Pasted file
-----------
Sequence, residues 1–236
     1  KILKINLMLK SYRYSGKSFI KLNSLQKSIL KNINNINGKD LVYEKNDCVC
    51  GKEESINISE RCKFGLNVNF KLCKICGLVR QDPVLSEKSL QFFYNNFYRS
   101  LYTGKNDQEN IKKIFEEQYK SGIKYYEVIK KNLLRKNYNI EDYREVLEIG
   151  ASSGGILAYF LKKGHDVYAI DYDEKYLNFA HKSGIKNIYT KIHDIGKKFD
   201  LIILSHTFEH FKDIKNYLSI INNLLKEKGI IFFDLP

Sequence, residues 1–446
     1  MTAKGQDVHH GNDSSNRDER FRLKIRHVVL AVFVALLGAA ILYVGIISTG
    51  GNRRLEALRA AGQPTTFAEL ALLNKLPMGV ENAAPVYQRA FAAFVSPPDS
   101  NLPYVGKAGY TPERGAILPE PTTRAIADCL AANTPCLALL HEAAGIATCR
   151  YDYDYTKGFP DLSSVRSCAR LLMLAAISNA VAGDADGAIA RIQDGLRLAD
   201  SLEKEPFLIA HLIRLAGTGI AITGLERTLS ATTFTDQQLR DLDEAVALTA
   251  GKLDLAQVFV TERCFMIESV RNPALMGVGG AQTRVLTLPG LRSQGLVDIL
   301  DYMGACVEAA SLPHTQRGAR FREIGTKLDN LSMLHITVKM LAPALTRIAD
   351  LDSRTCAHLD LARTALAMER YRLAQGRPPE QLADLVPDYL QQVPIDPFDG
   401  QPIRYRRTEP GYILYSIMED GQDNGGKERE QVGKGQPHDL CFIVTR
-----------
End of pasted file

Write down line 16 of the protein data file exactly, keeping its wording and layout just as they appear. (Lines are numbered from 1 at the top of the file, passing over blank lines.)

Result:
   401  QPIRYRRTEP GYILYSIMED GQDNGGKERE QVGKGQPHDL CFIVTR